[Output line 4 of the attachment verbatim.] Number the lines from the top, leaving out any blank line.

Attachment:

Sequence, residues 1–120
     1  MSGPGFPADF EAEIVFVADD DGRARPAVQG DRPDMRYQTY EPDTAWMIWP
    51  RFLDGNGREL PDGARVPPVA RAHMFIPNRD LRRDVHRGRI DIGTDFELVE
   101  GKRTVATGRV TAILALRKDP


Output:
   101  GKRTVATGRV TAILALRKDP